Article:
Every build has a backstory; maybe it’s inspired by a real car that the builder saw on a racetrack once or perhaps it’s built to replicate a dream car. The backstory can be as fascinating as the build itself sometimes. As for the car you’re looking at now, the story begins a long time ago. Buckle up because you’re about to ride along and learn the story of how this creation came to be.
Growing up in an automotive household and having a cousin who builds full-scale custom street and drag cars, Leigh Guarnieri was bit by the race car bug at an early age. His cousin Rocco DeAngelis, owner of the speed shop Mild to Wild in Milford, Connecticut, has been building go fast street cars for over 30 years.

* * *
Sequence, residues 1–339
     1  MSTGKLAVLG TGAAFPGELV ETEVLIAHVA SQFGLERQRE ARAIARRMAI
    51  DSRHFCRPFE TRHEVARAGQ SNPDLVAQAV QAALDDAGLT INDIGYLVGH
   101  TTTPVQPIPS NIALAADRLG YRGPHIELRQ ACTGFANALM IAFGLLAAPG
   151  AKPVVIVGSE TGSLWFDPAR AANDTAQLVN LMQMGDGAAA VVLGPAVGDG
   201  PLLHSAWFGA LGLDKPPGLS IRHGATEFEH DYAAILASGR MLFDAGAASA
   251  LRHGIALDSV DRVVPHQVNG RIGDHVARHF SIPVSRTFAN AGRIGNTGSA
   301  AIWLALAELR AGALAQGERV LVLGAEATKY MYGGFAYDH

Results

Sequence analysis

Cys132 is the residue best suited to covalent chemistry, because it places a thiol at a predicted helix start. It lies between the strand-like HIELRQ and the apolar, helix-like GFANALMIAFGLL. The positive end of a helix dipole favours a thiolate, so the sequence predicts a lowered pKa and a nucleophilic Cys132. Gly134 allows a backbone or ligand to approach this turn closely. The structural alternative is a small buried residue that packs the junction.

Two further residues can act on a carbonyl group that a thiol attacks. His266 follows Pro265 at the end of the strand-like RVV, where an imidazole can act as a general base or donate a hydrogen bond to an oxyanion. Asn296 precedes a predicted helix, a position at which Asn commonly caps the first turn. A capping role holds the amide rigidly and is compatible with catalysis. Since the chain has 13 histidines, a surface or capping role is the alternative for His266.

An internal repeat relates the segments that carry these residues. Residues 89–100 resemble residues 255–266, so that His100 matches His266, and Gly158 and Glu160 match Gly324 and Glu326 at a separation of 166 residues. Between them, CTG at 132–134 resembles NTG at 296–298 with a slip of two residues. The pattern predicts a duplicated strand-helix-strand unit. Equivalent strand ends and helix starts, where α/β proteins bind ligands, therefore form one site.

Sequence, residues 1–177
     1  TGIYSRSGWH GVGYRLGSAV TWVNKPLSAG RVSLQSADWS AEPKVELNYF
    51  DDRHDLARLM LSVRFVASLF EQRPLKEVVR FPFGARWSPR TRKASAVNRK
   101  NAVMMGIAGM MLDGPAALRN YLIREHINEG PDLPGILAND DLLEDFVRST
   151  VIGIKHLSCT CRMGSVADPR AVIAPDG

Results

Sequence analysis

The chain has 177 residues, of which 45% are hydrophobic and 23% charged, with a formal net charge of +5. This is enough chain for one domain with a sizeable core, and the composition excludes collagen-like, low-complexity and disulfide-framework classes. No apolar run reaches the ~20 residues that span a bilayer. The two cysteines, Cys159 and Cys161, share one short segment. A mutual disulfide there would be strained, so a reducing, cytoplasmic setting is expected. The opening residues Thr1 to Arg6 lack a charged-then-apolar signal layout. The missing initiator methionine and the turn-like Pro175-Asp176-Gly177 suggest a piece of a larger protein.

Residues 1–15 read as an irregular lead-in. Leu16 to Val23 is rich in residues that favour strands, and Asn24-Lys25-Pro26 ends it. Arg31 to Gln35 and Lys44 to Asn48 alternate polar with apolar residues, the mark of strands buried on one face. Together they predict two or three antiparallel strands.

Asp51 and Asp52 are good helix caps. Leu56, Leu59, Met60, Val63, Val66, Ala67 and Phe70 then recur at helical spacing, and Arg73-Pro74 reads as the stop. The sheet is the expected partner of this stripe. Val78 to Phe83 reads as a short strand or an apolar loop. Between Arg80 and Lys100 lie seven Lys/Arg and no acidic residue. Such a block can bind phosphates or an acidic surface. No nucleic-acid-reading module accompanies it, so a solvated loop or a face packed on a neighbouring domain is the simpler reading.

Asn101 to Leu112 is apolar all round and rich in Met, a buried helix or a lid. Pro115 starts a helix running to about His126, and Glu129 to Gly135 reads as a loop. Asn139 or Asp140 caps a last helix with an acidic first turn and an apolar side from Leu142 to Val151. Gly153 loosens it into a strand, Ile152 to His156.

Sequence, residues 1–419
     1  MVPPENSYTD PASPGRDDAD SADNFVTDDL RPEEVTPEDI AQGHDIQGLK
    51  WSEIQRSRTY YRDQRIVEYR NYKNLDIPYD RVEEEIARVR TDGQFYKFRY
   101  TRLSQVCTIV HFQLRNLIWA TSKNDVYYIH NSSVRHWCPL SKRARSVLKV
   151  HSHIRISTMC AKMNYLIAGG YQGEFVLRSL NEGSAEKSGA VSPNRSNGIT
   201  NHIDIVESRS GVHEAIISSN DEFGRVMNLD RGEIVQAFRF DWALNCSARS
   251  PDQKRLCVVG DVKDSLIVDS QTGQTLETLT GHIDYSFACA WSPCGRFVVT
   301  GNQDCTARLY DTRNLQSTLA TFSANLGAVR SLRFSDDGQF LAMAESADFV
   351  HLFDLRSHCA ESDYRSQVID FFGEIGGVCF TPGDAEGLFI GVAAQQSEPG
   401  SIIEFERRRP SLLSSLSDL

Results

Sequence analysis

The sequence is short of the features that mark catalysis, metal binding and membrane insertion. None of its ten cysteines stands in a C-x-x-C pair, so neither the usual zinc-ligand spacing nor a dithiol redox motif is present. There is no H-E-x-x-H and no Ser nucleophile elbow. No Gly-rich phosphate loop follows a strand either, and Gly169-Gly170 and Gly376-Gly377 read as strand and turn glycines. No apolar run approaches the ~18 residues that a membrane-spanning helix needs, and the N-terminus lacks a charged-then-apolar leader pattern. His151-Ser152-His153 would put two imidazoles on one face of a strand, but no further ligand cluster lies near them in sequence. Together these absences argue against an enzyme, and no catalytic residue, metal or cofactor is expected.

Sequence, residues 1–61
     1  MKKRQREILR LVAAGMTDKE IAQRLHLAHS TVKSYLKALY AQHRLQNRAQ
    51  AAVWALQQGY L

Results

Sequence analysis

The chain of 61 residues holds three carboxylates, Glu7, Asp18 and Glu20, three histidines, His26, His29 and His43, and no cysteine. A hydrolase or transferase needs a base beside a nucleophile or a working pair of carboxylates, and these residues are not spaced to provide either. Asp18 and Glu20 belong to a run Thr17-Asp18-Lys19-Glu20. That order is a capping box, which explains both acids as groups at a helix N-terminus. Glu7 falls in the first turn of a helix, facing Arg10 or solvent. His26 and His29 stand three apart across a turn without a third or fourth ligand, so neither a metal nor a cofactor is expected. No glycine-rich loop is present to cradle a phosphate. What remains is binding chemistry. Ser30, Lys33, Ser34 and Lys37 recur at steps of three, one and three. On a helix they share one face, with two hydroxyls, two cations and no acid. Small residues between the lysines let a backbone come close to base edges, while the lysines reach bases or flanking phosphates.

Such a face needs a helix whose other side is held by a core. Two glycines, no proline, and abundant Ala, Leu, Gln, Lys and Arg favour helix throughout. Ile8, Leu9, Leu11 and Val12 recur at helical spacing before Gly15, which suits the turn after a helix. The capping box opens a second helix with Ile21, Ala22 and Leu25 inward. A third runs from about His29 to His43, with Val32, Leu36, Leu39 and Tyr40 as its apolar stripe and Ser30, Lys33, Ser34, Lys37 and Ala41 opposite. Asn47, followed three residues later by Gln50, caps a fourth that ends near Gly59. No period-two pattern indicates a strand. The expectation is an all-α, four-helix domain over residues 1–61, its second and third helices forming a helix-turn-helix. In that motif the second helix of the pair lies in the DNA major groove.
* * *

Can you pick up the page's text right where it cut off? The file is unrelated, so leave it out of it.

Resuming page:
In the early days of the shop, there was a Chevy Nova that seemed to always be the test mule for ride-alongs. Getting to ride in a real-life muscle car that would regularly rumble his insides made a deep impression in him. Serving as his inspiration, Guarnieri embarked on creating an RC drag car that would harken back his childhood experiences riding in the Nova.
Now the father of a five-year-old daughter, Guarnieri wanted to share his love for both radio controlled cars and the Nova from his childhood with her. He thought, what better way than to build an entry-level custom build to have her drive and build along with him? Guarnieri adds, “Every time you hand a kid a controller, they immediately pull the trigger to full speed. With that in mind, it seemed logical that a dragster for her was in order.”